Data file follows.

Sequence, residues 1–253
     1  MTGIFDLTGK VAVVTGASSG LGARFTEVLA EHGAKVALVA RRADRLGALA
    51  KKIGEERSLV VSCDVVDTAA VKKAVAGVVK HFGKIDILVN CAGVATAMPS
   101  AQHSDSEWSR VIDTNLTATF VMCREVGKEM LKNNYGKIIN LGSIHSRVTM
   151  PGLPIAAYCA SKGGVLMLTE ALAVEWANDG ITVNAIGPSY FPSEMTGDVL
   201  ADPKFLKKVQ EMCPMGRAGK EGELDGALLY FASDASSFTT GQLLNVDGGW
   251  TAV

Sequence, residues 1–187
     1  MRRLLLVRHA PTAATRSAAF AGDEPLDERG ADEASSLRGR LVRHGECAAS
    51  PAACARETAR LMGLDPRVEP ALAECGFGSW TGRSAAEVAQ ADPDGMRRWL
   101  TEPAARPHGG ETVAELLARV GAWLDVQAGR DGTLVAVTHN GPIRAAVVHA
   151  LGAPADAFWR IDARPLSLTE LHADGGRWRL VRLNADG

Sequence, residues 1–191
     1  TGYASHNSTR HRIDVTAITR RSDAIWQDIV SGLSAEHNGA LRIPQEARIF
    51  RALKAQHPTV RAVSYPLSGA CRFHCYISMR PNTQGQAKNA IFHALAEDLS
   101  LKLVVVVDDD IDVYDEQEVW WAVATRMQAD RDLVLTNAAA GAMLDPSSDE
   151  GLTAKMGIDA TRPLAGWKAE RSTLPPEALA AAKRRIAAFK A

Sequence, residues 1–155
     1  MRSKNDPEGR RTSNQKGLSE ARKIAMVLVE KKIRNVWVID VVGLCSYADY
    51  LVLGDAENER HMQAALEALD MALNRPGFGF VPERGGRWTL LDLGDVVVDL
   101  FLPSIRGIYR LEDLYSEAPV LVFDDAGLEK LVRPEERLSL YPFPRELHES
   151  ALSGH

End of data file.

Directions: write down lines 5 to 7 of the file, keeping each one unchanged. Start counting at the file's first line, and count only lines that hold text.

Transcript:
   151  PGLPIAAYCA SKGGVLMLTE ALAVEWANDG ITVNAIGPSY FPSEMTGDVL
   201  ADPKFLKKVQ EMCPMGRAGK EGELDGALLY FASDASSFTT GQLLNVDGGW
   251  TAV